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Examiner
  • David Jackson: Pink Hill caught up in Civil War drama

  • Plan to attend the Veterans Way Memorial dedication ceremony Tuesday, April 2, from 3-5 p.m. (2715 Pink Hill Rd, Blue Springs, MO 64015). Come honor veterans of all wars fought in defense of our nation. This free event is open to the public.

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  • Plan to attend the Veterans Way Memorial dedication ceremony Tuesday, April 2, from 3-5 p.m. (2715 Pink Hill Rd, Blue Springs, MO 64015). Come honor veterans of all wars fought in defense of our nation. This free event is open to the public.
    Debuting that day, too, is a booklet the Jackson County Historical Society is publishing documenting the history of Sni-A-Bar Township; Pink Hill, Missouri; the Civil War in that area; early pioneer families; and, of course, the success of The Wall that Heals and how it inspired the Veterans Way Memorial.
    Pink Hill Park (and Burr Oak Woods State Forest) were once a rural setting in Sni-A-Bar Township, home to local residents involved in an agrarian way of life, more familiarly called “farming.” Pink Hill Park gets its namesake from the now defunct eastern Jackson County town of “Pink Hill, Missouri,” from which the name of the road is also derived that sprang up to welcome the Chicago and Alton Railroad. On November 21, 1854, Rev. George W. Love, M.D., and David Asbury Neer, recorded the survey by Martin O. Jones, Jackson County’s preeminent surveyor.
    Two prominent, early landowners in the area who acquired extensive property were James Morgan Walker, commonly called Morgan Walker, and James Lewis (and families). James Lewis Elementary School is, therefore, aptly named.
    As Pink Hill townsfolk anxiously awaited the arrival of the railroads, the Border and later Civil War befell their doorsteps instead. On December 10, 1860, 19-year-old William Clarke Quantrill was imprisoned in the 1859 Jackson County Jail for “protective security” by Sheriff Burrus for one night. Quantrill had organized a group of Kansas Quaker abolitionists for a raid to liberate the slaves at Morgan Walker’s farm. Quantrill turned traitor on the Quakers, informing the Walker clan of the impending raid. The result was a disaster for the Kansas group; only two of the original five made it back across the border. Andrew Walker obtained Quantrill’s release only to find a large crowd on Independence Square demanding to hang him. Only by Walker’s impassioned plea was the guerrilla outlaw’s life saved.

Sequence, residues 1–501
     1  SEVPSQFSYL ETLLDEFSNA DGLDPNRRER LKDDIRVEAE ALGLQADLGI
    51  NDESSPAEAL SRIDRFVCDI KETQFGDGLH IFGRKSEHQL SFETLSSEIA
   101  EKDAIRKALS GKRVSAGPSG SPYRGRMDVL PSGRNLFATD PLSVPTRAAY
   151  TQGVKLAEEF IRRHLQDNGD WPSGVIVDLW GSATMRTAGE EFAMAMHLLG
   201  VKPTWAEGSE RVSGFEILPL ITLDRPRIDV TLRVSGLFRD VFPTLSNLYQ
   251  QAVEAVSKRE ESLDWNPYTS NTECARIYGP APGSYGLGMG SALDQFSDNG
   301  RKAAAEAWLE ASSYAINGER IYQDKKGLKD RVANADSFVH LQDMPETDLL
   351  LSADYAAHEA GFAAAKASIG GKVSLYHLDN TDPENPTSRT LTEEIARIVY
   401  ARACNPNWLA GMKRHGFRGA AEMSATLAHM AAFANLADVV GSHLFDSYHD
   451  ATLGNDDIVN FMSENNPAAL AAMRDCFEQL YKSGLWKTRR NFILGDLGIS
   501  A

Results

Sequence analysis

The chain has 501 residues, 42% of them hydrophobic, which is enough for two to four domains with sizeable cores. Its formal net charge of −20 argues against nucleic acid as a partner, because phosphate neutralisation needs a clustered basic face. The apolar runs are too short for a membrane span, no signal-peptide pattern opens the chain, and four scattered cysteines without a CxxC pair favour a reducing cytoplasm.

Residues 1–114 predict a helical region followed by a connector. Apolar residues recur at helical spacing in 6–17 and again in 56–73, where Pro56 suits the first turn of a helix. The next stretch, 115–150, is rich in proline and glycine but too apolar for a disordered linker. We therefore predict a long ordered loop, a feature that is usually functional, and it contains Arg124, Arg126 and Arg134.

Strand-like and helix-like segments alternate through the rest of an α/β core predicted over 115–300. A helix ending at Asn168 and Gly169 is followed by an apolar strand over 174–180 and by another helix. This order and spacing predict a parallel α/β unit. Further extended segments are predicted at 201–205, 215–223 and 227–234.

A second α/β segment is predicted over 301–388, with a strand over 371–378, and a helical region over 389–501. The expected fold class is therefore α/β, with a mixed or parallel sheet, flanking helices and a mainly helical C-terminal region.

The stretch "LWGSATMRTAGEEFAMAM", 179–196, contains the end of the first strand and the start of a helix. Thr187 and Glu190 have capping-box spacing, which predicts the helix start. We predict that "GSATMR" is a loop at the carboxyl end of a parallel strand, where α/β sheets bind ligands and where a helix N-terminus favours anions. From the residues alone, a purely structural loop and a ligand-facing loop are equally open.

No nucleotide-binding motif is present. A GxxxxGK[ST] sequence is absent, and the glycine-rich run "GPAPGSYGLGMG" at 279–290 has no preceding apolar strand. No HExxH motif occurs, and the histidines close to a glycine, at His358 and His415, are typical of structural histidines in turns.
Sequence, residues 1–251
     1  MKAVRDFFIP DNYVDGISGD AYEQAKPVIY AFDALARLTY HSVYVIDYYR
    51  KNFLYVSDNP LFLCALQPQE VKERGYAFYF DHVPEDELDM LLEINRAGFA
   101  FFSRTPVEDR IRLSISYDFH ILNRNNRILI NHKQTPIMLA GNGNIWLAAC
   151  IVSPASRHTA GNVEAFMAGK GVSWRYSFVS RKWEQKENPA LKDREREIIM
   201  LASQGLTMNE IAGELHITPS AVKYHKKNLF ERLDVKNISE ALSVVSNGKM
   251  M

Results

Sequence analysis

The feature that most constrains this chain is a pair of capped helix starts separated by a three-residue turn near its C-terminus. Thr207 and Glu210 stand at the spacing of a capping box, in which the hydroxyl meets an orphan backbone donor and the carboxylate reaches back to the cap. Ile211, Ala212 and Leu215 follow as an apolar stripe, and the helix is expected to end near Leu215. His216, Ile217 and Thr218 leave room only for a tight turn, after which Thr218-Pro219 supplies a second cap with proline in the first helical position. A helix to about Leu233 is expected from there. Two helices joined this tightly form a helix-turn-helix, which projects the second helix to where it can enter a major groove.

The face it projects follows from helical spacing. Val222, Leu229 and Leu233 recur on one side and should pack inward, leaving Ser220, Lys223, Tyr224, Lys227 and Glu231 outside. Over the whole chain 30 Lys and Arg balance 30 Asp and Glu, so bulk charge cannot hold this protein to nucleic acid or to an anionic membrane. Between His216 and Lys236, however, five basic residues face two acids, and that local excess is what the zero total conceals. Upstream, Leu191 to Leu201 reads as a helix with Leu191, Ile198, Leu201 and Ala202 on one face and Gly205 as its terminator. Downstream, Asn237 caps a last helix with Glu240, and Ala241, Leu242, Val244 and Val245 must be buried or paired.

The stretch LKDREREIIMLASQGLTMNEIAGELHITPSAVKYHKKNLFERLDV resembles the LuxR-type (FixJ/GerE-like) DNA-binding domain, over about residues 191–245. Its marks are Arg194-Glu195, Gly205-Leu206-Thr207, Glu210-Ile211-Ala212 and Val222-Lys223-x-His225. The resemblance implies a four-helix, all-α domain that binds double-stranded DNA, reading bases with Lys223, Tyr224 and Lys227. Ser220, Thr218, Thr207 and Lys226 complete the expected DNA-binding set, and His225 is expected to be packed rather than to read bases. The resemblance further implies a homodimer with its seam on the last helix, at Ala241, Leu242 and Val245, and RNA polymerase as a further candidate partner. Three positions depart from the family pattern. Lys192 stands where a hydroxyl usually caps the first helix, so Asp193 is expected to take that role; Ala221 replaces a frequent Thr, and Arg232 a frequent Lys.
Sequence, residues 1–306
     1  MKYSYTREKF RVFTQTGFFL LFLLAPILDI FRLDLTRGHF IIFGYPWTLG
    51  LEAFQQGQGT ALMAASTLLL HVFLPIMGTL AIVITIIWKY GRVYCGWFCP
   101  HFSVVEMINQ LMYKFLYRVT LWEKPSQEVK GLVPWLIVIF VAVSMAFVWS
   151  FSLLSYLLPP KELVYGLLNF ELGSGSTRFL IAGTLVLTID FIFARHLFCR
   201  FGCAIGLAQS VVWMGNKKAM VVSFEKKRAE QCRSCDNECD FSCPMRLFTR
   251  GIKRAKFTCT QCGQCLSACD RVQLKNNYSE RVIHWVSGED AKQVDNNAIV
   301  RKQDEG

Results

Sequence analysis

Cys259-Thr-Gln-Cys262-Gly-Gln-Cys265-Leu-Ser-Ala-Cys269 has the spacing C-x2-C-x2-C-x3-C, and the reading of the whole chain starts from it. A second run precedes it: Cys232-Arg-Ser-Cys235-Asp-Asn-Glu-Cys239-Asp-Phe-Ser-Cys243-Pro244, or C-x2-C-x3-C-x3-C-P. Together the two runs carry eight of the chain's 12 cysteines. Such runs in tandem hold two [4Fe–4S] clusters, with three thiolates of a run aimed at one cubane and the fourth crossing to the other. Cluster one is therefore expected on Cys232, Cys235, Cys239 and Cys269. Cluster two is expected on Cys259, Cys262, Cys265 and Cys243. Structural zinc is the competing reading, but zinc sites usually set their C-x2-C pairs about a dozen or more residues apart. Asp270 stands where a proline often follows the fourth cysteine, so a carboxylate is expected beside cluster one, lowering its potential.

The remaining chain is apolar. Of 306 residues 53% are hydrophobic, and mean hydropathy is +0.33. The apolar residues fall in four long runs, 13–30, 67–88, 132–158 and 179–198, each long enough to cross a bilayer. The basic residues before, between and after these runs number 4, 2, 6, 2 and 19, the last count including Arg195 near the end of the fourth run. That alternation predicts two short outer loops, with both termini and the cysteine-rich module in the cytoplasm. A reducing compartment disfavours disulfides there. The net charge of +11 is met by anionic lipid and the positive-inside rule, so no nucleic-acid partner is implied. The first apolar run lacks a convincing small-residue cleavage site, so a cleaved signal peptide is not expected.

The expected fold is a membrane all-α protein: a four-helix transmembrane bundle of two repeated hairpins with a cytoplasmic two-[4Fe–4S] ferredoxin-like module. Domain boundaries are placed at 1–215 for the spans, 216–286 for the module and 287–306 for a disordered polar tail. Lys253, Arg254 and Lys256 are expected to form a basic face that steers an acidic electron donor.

Most of the citizens there were from Kentucky and Virginia and had more than passive sympathies for the South. Quantrill and his men found refuge in many Sni-A-Bar Township homes.
    Order No. 11 enforcing martial law in August 1863 practically de-populated the area. The Jackson County Society, Jackson County Parks and Rec and others have scheduled three re-enactments this summer commemorating the 150th anniversary of Order No. 11 (see the Society’s online HistorE-calendar at jchs.org).
    The town of Pink Hill never fully recovered. But, its memory continues to be perpetuated. In the 1970 the city of Blue Springs acquired the land for Pink Hill Park. In 2010, the city of Blue Springs, Blue Springs Public Art Commission, Blue Springs School District and area businesses and veterans’ organizations opened for viewing The Wall that Heals, a replica of the Vietnam War memorial in Washington, D.C. It drew more than 50,000 visitors during the four exhibit days. The U.S. Department of Veterans Affairs registered more than 160 new veterans for benefits and the “Put a Face with a Name” campaign collected 123 photos during the event. The Vietnam Veterans Memorial Fund collected $10,651.73 at The Wall That Heals while it was in Blue Springs event, the highest amount collected in a host city to date!
    Page 2 of 2 - Veterans Way Memorial is newly installed and honors the sacrifice, courage and valor of all veterans who served our nation. In addition to serving as a place for personal contemplation or reflection for veterans and veterans’ families and friends, the Memorial may be scheduled for special memorial events by veterans’ groups, organizations, or schools by contacting the Parks and Recreation Department.
    We hope to see you at Pink Hill Park in Blue Springs on April 2.
    David W. Jackson is archives and education director of the Jackson County Historical Society.
     

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